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Atkins v London Borough of Ealing, High Court, 17 October 2006

27 October 2006
The issues

Manhole covers – highways – tripping accidents – statutory Defence – Section 58 Highways Act 1980 – what system of inspection was appropriate in respect of a manhole cover which tipped.

The facts

On the 3rd December 2003 the Claimant was walking down Crown Street in Acton when she stepped on a manhole cover which tilted. Her foot fell into the manhole and she suffered an injury to her ankle. Damages were agreed in the sum of £2,750.00. The Judge found for the Claimant at Trial and found that the Defendant had failed to make out the statutory Defence. The Defendant appealed arguing, amongst other matters, that the Judge had applied too high a standard and had placed too high a burden on the Defendant and in particular he had failed to strike the balance between public and private interests which the Courts had indicated was necessary in this field, and in particular in Mills v Barnsley.

The decision

The Judge had noted that the proprietor of the company which carried out inspections on behalf of the Defendant had agreed that if a manhole cover tips, the consequences could be catastrophic and that it would be reasonable for there to be a closer inspection of the manhole covers than the system provided for. The inspector who inspected concerned whether there was a trip of 19mm. Nothing would be done about the manhole cover on that basis because there was no trip anywhere near it. The Judge had to weigh on the one hand the private interest, namely the risk of very serious personal injury caused to a person who is stood on a manhole cover which tilted, and on the other hand the public interest, namely the burden on the Defendant in terms of costs or impracticality in inspecting manhole covers to check that they were secure.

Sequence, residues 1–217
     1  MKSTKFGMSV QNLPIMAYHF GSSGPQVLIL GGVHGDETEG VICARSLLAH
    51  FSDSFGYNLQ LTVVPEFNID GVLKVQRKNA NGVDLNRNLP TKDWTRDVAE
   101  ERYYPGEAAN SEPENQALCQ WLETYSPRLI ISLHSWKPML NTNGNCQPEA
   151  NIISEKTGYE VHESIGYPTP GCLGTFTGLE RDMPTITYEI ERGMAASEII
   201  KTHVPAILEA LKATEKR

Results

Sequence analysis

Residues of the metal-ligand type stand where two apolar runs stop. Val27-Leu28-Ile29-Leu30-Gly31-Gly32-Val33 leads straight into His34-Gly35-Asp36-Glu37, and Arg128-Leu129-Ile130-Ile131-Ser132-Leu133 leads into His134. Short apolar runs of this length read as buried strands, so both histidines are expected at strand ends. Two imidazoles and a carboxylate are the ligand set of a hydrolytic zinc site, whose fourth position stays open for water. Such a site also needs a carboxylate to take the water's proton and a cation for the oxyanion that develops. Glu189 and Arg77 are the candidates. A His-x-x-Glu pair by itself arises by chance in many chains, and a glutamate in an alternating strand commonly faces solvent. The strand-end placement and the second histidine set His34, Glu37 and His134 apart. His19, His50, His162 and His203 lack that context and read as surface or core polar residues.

The Judge noted that the Defendant had educed no evidence to suggest that a system of checking manhole covers to ensure that they were secure would be so difficult or impractical that the burden should not be placed on the Defendant. The Defendant had given no consideration at all to the question of how to inspect the manhole covers to ensure that they were secure and not liable to tilt. Their system of inspection was designed to identify and avoid a different hazard, namely uneven pavement surfaces. There had been no evidence produced by the Defendant to prove that loose or tiling manhole covers were so rare that it was unreasonable to expect Highway Authorities to have a system of inspection designed to check whether manhole covers were secure and not liable to tilt if stood on.

The Judge had rightly considered the matters to which he had to have regard to in respect of Section 58 (2). He had considered the character of the highway and the traffic reasonably expected to use it. Crown Street was a shopping street. Jackson v Gloucestershire County Council had been referred to the Court. This was a County Court decision involving a remote country road. The decision in that case, that it was not reasonable for the Highway Authority to have a system of inspecting manhole covers by walking and jumping on them could not determine the outcome of this case. The character of the two highways were very different. The second matter was the standard of maintenance appropriate to the highway. The standard appropriate in this case was one which ensured, so far as was reasonable, that pedestrians were not at risk of falling into a hole which could be large. Much the same applied to the third matter, namely the state of repair in which a reasonable person would expect to find the highway. The fourth matter was whether the Authority knew, or could have been expected to know that the condition of the highway was likely to cause damage. There was no evidence that the Defendant knew that the manhole cover was loose and liable to tilt. Equally there was no evidence from the Defendant that loose covers were so rare that they could not be foreseen. The fifth matter was anything suggested that the Highway Authority could not reasonably have been expected to repair the manhole cover before the accident. There was no such matter in this case. The visual inspection did not identify the manhole but it could not do so and was not designed to do so. Where a Highway Authority was unable to prove the cause of a defect, such as that which had afflicted the manhole cover, that inability was very likely to cause the Authority difficulty in discharging the burden of proof laid on it by Section 58.

Appeal dismissed.

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The content on this page is provided for the purposes of general interest and information. It contains only brief summaries of aspects of the subject matter and does not provide comprehensive statements of the law. It does not constitute legal advice and does not provide a substitute for it.

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